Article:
We describe a computational model of humans' ability to provide a detailed interpretation of components in a scene. Humans can identify in an image meaningful components almost everywhere, and identifying these components is an essential part of the visual process, and of understanding the surrounding scene and its potential meaning to the viewer. Detailed interpretation is beyond the scope of current models of visual recognition. Our model suggests that this is a fundamental limitation, related to the fact that existing models rely on feed-forward but limited top-down processing. In our model, a first recognition stage leads to the initial activation of class candidates, which is incomplete and with limited accuracy. This stage then triggers the application of class-specific interpretation and validation processes, which recover richer and more accurate interpretation of the visible scene. We discuss implications of the model for visual interpretation by humans and by computer vision models.
Scene understanding requires the extraction and representation of scene components together with their properties and inter-relations. We describe a model in which meaningful scene structures are extracted from the image by an iterative process, combining bottom-up (BU) and top-down (TD) networks, interacting through a symmetric bi-directional communication between them (counter-streams structure). The model constructs a scene representation by the iterative use of three components. The first model component is a BU stream that extracts selected scene elements, properties and relations. The second component (cognitive augmentation) augments the extracted visual representation based on relevant non-visual stored representations. It also provides input to the third component, the TD stream, in the form of a TD instruction, instructing the model what task to perform next. The TD stream then guides the BU visual stream to perform the selected task in the next cycle. During this process, the visual representations extracted from the image can be combined with relevant non-visual representations, so that the final scene representation is based on both visual information extracted from the scene and relevant stored knowledge of the world. We describe how a sequence of TD-instructions is used to extract from the scene structures of interest, including an algorithm to automatically select the next TD-instruction in the sequence. The extraction process is shown to have favorable properties in terms of combinatorial generalization, generalizing well to novel scene structures and new combinations of objects, properties and relations not seen during training. Finally, we compare the model with relevant aspects of the human vision, and suggest directions for using the BU-TD scheme for integrating visual and cognitive components in the process of scene understanding.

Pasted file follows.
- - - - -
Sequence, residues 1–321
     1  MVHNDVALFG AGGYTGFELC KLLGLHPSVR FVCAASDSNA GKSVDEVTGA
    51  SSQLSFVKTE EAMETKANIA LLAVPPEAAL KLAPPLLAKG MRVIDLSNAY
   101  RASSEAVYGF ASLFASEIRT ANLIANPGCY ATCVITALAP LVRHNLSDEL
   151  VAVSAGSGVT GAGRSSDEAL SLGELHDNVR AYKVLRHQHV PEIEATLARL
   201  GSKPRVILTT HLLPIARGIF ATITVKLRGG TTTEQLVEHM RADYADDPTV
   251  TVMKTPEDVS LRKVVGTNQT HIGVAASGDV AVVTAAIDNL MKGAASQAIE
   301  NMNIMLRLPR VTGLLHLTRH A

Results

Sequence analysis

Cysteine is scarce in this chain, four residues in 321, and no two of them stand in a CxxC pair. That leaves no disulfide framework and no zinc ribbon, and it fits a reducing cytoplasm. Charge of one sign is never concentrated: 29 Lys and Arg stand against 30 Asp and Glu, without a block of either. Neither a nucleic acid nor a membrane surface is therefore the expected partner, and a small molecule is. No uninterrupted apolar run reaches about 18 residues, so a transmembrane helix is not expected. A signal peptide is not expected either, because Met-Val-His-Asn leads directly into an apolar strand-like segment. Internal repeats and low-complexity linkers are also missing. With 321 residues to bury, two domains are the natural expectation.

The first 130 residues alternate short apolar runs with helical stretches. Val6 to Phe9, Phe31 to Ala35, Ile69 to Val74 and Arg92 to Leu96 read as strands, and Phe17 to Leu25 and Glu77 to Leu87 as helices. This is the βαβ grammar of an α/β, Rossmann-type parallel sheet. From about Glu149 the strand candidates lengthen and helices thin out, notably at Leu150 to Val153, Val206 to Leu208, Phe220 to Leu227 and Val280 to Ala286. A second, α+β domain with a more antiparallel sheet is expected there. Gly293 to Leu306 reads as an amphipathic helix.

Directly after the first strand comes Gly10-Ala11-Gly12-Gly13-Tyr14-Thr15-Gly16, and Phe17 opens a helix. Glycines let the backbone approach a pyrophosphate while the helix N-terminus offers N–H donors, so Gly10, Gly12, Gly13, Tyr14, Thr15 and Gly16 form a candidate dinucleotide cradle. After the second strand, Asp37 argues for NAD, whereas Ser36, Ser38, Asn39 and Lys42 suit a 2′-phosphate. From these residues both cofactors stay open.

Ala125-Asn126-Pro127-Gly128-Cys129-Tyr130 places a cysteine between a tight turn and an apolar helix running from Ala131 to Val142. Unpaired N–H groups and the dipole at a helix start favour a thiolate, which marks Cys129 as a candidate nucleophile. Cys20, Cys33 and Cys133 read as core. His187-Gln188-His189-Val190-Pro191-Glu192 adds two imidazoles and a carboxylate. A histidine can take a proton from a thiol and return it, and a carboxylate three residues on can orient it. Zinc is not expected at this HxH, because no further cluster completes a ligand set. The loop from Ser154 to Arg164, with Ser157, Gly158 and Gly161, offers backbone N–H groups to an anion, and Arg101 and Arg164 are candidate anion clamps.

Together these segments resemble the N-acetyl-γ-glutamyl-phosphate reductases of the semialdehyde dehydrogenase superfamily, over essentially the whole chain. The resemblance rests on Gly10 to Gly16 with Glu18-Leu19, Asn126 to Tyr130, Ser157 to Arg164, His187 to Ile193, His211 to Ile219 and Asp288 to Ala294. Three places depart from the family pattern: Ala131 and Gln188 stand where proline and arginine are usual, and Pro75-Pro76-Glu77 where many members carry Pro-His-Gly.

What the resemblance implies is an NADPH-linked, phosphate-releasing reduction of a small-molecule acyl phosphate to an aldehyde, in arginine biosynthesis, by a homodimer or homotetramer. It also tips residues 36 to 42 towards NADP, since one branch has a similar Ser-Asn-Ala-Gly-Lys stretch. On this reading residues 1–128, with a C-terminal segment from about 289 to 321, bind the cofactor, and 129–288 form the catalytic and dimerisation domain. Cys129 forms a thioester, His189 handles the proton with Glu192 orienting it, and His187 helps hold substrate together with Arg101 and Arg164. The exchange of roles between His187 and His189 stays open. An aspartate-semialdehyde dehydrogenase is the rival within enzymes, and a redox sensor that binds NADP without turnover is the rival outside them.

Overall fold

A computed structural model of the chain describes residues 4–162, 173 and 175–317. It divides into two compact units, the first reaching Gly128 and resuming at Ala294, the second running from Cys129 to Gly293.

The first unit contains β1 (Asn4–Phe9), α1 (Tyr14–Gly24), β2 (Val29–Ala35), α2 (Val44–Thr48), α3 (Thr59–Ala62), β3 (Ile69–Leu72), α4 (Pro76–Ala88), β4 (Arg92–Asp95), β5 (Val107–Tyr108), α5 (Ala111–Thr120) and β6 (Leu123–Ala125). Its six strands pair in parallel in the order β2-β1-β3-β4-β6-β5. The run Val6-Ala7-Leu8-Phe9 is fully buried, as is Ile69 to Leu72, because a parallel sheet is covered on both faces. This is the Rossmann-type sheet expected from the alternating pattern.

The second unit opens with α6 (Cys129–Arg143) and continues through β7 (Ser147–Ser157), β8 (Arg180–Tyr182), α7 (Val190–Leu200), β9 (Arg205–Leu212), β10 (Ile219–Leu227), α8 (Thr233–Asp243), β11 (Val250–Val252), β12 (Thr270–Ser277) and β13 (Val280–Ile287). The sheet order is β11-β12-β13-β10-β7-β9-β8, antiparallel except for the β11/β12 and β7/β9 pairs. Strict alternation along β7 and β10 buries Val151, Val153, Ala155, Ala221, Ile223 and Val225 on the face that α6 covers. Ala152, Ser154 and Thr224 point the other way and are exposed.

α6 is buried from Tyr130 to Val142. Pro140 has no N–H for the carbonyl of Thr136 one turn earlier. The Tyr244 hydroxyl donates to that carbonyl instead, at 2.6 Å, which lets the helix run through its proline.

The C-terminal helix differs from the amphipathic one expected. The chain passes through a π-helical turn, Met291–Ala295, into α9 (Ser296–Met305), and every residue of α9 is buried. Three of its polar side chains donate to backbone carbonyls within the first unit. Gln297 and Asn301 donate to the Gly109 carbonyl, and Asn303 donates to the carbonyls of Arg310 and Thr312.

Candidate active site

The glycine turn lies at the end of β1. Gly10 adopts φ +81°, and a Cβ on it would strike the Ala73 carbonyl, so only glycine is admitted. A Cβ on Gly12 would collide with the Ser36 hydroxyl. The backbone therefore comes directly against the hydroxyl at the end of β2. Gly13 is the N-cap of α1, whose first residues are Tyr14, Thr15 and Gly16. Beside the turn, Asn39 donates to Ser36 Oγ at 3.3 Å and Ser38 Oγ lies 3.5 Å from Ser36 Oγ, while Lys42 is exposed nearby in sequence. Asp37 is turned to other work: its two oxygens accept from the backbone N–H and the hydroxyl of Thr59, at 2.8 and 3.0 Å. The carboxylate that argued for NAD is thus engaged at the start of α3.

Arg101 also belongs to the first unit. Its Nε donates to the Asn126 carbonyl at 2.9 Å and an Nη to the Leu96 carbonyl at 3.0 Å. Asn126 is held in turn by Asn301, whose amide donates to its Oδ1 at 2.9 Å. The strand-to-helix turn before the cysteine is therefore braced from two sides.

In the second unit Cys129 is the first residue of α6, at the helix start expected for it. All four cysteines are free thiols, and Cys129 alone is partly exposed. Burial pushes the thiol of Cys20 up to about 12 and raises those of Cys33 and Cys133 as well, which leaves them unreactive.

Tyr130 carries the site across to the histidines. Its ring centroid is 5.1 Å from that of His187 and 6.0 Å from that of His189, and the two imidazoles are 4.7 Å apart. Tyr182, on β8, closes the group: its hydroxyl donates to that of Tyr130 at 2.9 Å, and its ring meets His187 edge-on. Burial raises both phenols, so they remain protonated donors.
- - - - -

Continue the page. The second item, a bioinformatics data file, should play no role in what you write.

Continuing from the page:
We model the process of human full interpretation of object images, namely the ability to identify and localize all semantic features and parts that are recognized by human observers. The task is approached by dividing the interpretation of the complete object to the interpretation of multiple reduced but interpretable local regions. We model interpretation by a structured learning framework, in which there are primitive components and relations that play a useful role in local interpretation by humans. To identify useful components and relations used in the interpretation process, we consider the interpretation of minimal configurations, namely reduced local regions that are minimal in the sense that further reduction will turn them unrecognizable and uninterpretable. We show experimental results of our model, and results of predicting and testing relations that were useful to the model via transformed minimal images.